In Tune Arts
Music of Poetry
Songs of Franz Liszt to Poetry by Victor Hugo II

Victor Hugo published his Les chants du crépuscule on 25 October 1835, as the second of four volumes commonly referred to as the July Monarchy collections. “Twilight Songs” includes a short preface, a prelude poem, and thirty-nine additional pieces. “If the title suggests doubt, anxiety, and misgivings on the personal, religious, and political levels, the series of poems dedicated to Juliette Drouet suggest a hope found in a new day.” While the preface is filled with perplexity and doubt, the collection itself explores a substantial number of themes. Thematically it contains “political poems, rhymes on the Napoleonic cult, patriotism, the rich and the poor, materialism, poetry and art, nature, God and the religious questions, Juliette Drouet, and Madame Hugo.”

Composer Franz Liszt at the age of 12

Franz Liszt at the age of 12

The twenty-second poem in the collection was originally titled “S’il est un charmant gazon,” put in the published version that appears under the title “Nouvelle chanson sur un vieil air.” Literary scholars have suggested that the poet might simply have “fitted new words to a tune he already knew.” In the event, the poem was most decidedly written for his mistress Juliette Drouet.

S’il est un charmant gazon
Que le ciel arrose,
Où brille en toute saison
Quelque fleur éclose,
Où l’on cueille à pleine main
Lys, chèvre-feuille et jasmin,
J’en veux faire le chemin
Où ton pied se pose!

S’il est un rêve d’amour,
Parfumé de rose,
Où l’on trouve chaque jour
Quelque douce chose,
Un rêve que Dieu bénit,
Où l’âme à l’âme s’unit,
Oh! J’en veux faire le nid
Où ton cœur se pose!

If there is a charming grassy knoll
Watered by the sky
Where in every season
Some flower blossoms,
Where one can freely gather
Lily, honeysuckle, and jasmine,
I want to make it the path
On which you place your feet.

If there is a dream of love,
Scented with roses,
Where one finds every day
Something gentle and sweet,
A dream blessed by God
A dream that God blesses,
Where soul to soul unites,
Oh! I want to make it the nest
In which you rest your heart.

Franz Liszt: “S’il est un charmant gazon” (1st version) (Nicolai Gedda, tenor; Lars Roos, piano)

In his initial setting of 1844, Franz Liszt only sets the first and last verses from this poem, omitting the following second stanza.

Portrait of poet Victor Hugo

Victor Hugo

S’il est un sein bien aimant
Dont l’honneur dispose,
Dont le ferme dévouement
N’ait rien de morose,
Si toujours ce noble sein
Bat pour un digne dessein,
J’en veux faire le coussin
Où ton front se pose!

If there is a loving breast
Where honor rules,
Where tender devotion
Is free from all gloominess,
If this noble breast always
Beats for a worthy aim…
I want to make it the pillow
On which you lay your head.

A number of composers, among them Gabriel Fauré, had been attracted to the passionate verses of Hugo’s love poem. Liszt, in turn, initially produced a setting, which he revised roughly 20 years later. In a letter to the Austrian composer Josef Dessauer, Liszt stated, “my earlier songs are mostly too ultra sentimental, and frequently too full in the accompaniment.” As his musical conception and stylistic taste changed over time, he revised them two or sometimes even three times. The Liszt student Felix Mottl asked advice from his teacher about writing his own songs, and Liszt “suggested simplifying them, particularly with regard to accompaniments and modulations.” Liszt retains the 6/8-meter in both versions, however, the initial setting is rhythmically much more complicated. According to a scholar, Liszt “creates an odd rhythmic feel by placing the tonic A-flat not on the usual strong beat but on the second or the fourth sixteenth note, causing frequent confusion for singers and pianists.” In the second version, the sixteenth notes in the piano accompaniment are completely removed, and Liszt also simplifies the vocal line, making corrections to the prosody. Both versions are harmonically similar, and the postlude only sounds with slight variations in harmony and melody.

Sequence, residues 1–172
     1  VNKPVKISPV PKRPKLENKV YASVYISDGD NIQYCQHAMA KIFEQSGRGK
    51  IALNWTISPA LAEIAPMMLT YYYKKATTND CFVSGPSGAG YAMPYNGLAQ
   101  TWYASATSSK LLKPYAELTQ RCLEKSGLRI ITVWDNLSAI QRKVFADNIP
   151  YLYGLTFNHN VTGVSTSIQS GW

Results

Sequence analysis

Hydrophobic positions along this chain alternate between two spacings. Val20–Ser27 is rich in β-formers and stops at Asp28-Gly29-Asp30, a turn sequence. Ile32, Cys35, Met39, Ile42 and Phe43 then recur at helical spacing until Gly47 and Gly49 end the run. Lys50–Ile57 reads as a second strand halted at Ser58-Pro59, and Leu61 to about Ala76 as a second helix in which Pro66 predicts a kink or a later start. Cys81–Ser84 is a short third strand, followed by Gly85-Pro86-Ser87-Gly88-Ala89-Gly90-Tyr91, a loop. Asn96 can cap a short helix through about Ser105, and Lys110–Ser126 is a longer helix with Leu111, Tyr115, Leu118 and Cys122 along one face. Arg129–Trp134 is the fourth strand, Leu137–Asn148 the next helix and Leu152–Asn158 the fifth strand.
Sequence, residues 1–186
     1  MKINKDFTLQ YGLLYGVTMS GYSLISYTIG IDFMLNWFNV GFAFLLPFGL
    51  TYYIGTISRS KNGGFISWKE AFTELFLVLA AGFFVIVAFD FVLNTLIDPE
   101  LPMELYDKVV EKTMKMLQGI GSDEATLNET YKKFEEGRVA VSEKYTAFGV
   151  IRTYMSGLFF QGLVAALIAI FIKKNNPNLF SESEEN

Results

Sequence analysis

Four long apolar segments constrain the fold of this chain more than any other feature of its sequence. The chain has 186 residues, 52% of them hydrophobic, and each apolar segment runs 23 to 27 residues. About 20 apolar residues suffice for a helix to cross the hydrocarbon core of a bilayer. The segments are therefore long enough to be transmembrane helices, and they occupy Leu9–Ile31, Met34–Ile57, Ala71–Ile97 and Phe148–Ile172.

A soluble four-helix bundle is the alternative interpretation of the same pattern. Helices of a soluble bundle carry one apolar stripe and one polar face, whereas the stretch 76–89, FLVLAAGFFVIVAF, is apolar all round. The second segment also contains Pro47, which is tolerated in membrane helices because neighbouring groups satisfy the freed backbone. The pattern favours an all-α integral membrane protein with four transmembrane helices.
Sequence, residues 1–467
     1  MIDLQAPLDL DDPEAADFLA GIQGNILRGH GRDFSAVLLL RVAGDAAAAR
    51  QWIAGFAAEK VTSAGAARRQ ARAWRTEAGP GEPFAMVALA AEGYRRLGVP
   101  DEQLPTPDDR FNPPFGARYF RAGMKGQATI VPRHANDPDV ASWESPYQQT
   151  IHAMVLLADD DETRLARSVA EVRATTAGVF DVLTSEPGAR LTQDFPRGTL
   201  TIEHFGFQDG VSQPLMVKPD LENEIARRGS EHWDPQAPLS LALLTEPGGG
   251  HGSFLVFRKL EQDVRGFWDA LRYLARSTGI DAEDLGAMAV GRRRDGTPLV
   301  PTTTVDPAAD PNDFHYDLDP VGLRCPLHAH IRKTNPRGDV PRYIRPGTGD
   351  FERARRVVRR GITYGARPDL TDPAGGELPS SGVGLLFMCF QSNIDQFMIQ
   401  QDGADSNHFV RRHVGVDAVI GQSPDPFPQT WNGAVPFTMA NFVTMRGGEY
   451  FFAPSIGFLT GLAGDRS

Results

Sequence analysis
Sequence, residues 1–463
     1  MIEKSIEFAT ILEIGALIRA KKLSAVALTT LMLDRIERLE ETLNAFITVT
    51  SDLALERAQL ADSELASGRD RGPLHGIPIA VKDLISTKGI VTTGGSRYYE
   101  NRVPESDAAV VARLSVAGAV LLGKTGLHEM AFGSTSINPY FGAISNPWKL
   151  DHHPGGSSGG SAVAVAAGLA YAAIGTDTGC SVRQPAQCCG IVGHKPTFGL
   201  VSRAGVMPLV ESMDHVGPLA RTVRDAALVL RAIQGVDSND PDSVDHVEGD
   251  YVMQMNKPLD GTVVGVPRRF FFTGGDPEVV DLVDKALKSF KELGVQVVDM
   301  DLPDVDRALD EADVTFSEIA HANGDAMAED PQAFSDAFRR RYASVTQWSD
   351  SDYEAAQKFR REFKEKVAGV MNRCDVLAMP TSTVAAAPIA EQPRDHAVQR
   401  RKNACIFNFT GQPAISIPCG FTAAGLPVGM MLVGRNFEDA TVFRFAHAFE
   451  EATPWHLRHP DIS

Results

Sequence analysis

Franz Liszt: “S’il est un charmant gazon” (2nd version) (Dietrich Fischer-Dieskau, baritone; Daniel Barenboim, piano)

Caricature of Victor Hugo, Cover of La Lune 19 May 1867

Caricature of Victor Hugo, Cover of La Lune 19 May 1867

In “Gastibelza” Victor Hugo “created one of the most magical ballads in the world. The eleven stanza poem is found in Hugo’s 1837 collection Les Rayons et les ombres under the title “A Guitare.” A good many critics consider this last volume of the July Monarchy Hugo’s best lyrical work before the exile. In all, it contains forty-four entries, and the preface is “within the tradition of Hugo’s dialectical argumentation. Among its many themes is the role of the poet as the defender of liberty, and the political role of the engaged poet. It also contains an argument on the nature of theatre, the novel, and poetry.” The spirit of man is essentially reduced to three elements, to know, to think, and to dream; everything is found therein. The poem “Gastibelza” was inspired by the poet’s stay in Guipuzcoa, in the Basque region of Spain. Supposedly, it is based on the soldier José Miguel Sagastibelza, a native of Navarre. In translation, the original name in the Basque language means, “black earth orchard.”

Gastibelza, l’homme à la carabine,
Chantait ainsi:
Quelqu’un a-t-il connu Doña Sabine?
Quelqu’un d’ici?
Dansez, chantez, villageois! La nuit gagne
Le mont Falou.
Le vent qui vient à travers la montagne
Me rendra fou!

Quelqu’un de vous a-t-il connu Sabine,
Ma señora?
Sa mère était la vieille Maugrabine
D’Antequera,
Qui chaque nuit criait dans la Tour Magne
Comme un hibou.
Le vent qui vient à travers la montagne
Me rendra fou!

Dansez! chantez! Des biens que l’heure envoie
Il faut user.
Elle était jeune et son œil plein de joie
Faisait penser.
À ce vieillard qu’un enfant accompagne
Jetez un sou.
Le vent qui vient à travers la montagne
Me rendra fou!

Dansez, chantez, villageois! La nuit gagne
Le mont Falou.
Sabine, un jour,
A tout vendu, sa beauté de colombe,
Et son amour!
Pour l’anneau d’or du comte de Saldagne,
Pour un bijou.
Le vent qui vient à travers la montagne
Me rendra fou!

Sur ce vieux banc souffrez que je m’appuie,
Car je suis las!
Avec ce comte elle s’est donc enfuie,